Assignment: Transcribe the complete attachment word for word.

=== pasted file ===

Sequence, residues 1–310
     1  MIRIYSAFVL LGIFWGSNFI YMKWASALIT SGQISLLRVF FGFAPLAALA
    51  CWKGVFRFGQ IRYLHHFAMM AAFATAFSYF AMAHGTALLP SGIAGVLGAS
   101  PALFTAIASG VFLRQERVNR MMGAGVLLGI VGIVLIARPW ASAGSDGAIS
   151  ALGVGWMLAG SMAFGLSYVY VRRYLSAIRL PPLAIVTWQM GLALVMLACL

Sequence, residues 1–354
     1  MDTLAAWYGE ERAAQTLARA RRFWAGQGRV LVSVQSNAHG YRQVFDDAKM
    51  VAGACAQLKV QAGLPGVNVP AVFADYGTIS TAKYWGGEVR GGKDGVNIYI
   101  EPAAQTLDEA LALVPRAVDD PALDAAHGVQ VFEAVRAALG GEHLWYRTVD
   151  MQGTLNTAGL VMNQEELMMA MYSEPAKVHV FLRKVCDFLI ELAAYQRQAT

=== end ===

Sequence, residues 1–310
     1  MIRIYSAFVL LGIFWGSNFI YMKWASALIT SGQISLLRVF FGFAPLAALA
    51  CWKGVFRFGQ IRYLHHFAMM AAFATAFSYF AMAHGTALLP SGIAGVLGAS
   101  PALFTAIASG VFLRQERVNR MMGAGVLLGI VGIVLIARPW ASAGSDGAIS
   151  ALGVGWMLAG SMAFGLSYVY VRRYLSAIRL PPLAIVTWQM GLALVMLACL

Sequence, residues 1–354
     1  MDTLAAWYGE ERAAQTLARA RRFWAGQGRV LVSVQSNAHG YRQVFDDAKM
    51  VAGACAQLKV QAGLPGVNVP AVFADYGTIS TAKYWGGEVR GGKDGVNIYI
   101  EPAAQTLDEA LALVPRAVDD PALDAAHGVQ VFEAVRAALG GEHLWYRTVD
   151  MQGTLNTAGL VMNQEELMMA MYSEPAKVHV FLRKVCDFLI ELAAYQRQAT